Wednesday, March 24, 2010

I Was Told There'd Be Cake by Sloane Crosley

Reviewed by Chioma

Published: 2008.

It's about: This book is a collection of personal essays written by Sloane Crosley, a publicist who lives in New York City (among her clients are Dave Eggers, Toni Morrison and Joan Didion). While a book about her experience with those authors and the fabulous NYC life would be interesting, these essays are more down-to-earth. Her stories range from focusing on the difficulties of having a unique name in "Bastard Out of Westchester" (I can relate!), navigating old friendships in "You on a Stick", and dealing with old gifts from ex-boyfriends in "The Pony Problem (who can't relate?)

I thought: Her sassy, smart personality comes out strongly in her writing. She actually makes a story about losing her wallet interesting ("The Beauty of Strangers"). The stories are written as though Sloane (I figure I can refer to her by her first name) is an older sister or friend who is telling you her post-college stories in a clever and hilarious way. Each story is true to life and funny.

Verdict: In-Between. Like most funny things, it really depends on your sense of humor. I'd probably borrow it from a library or read excerpts from her website before purchasing it. I think her humor is one that some people might not like. Also her audience is more geared towards young adult women. Not sure how well males would relate to this book. As well, I'm not sure women in my mother's age group could relate to the stories either. But I certainly enjoyed it.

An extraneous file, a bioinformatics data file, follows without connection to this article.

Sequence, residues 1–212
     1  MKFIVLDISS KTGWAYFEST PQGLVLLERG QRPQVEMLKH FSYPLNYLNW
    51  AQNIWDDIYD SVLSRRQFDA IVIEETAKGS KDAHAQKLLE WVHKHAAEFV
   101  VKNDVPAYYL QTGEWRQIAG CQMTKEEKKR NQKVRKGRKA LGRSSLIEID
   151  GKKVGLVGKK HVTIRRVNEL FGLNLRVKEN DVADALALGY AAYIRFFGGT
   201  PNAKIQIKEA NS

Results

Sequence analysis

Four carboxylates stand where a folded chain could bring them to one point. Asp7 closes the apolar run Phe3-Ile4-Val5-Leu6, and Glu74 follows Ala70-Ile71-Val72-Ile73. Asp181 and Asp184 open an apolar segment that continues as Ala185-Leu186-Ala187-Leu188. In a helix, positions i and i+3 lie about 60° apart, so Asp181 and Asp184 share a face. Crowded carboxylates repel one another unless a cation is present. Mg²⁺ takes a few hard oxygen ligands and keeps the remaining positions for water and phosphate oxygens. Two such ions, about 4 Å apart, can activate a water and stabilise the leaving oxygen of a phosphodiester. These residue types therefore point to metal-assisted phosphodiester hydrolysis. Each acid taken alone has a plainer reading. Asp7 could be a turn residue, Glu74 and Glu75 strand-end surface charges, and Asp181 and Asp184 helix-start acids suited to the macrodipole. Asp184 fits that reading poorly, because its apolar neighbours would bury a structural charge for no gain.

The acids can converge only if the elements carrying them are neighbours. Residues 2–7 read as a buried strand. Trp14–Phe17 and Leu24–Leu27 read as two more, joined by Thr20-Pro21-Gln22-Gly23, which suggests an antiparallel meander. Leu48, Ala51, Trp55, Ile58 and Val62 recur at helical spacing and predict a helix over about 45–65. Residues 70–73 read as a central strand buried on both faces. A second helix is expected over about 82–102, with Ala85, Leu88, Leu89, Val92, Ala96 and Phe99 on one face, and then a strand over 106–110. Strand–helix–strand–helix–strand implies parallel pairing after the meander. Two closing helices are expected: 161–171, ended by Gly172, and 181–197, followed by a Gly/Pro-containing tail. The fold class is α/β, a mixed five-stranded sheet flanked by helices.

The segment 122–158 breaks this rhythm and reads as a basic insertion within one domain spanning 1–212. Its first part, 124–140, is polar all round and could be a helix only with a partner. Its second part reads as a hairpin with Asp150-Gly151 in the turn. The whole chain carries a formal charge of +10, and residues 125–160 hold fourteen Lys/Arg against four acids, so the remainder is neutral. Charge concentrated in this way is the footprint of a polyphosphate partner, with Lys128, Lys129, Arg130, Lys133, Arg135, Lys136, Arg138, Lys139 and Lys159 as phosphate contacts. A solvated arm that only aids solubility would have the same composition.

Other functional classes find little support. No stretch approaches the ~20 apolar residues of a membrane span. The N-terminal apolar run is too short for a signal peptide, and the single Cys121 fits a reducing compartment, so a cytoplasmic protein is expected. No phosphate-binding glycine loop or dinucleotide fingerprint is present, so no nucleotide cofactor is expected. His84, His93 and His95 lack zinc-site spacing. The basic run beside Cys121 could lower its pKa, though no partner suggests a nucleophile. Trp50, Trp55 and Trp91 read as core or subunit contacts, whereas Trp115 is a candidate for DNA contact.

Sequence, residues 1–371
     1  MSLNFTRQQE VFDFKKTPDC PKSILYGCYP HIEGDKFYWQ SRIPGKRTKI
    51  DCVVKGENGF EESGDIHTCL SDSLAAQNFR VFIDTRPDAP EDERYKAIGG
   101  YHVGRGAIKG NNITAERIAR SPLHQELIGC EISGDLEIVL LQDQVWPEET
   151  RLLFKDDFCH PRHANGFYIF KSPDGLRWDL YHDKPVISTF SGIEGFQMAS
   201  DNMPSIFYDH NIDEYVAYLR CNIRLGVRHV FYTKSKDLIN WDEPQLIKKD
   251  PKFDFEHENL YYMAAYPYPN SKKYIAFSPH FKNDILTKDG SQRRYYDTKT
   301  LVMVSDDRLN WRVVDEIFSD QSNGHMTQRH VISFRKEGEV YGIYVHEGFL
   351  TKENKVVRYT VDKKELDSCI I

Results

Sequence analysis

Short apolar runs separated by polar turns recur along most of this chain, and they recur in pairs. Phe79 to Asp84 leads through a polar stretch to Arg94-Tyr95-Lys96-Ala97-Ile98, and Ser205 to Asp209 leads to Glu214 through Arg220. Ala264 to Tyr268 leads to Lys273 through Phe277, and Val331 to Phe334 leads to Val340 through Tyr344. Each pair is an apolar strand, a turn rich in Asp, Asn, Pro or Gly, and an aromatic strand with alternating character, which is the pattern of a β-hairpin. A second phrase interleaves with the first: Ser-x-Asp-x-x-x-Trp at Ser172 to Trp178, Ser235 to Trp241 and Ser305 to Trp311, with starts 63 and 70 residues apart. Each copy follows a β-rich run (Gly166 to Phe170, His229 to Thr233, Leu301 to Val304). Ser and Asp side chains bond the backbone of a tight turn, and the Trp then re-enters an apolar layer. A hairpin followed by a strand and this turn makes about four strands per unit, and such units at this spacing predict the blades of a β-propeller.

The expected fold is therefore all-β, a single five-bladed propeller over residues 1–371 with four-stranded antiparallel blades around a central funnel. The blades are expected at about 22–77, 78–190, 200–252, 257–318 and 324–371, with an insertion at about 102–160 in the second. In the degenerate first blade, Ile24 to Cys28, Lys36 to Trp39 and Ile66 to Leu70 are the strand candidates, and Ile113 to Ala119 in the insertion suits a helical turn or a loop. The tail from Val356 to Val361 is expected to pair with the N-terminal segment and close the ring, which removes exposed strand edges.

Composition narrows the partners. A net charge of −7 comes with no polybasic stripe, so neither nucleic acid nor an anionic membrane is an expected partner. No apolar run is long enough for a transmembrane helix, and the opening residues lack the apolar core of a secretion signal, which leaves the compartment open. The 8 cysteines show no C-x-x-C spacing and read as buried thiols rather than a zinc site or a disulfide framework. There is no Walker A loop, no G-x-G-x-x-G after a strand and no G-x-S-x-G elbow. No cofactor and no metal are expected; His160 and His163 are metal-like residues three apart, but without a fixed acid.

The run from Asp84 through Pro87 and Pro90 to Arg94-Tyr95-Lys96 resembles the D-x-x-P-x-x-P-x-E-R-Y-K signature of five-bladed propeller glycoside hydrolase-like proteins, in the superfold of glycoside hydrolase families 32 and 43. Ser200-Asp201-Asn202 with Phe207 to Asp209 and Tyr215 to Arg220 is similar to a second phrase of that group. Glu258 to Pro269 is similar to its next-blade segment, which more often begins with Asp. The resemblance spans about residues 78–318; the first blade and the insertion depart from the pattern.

Reading Recommendations: You don't need to read the stories all in one sitting. Although I would read them in order because some stories are self-referencing.

Warnings: As a New Yorker, she occasionally peppers her stories with the a-word, s-word and a few f-words. There are allusions to sleeping with guys and some light innuendos, but nothing graphic. However, I would skip "One-Night Bounce" (a story about Sloane's pursuits of one-night stands). One story, "F-You Columbus" is actually a pretty good one despite the title. I would say the book is similar to a PG-13 rated chick flick.

Favorite excerpts: The day I get shot…will in all likelihood be the day before laundry Sunday and the day after I decided to clean out my closet, got bored halfway through, and opted to watch sitcoms in my prom dress instead.

Perhaps it's simply that niceness has always been New York's best-kept secret, kept quiet to keep the tourists out, like how it really don't rain all that much in Seattle.

Number of times I have received an email with my name spelled incorrectly in response to an e-mail originating from me and therefore making use of the correct spelling of my name and thus have passive-aggressively retaliated by leaving off the last letter of the sender's name in all future correspondence: 32. "Thanks for getting back to me, Rebecc."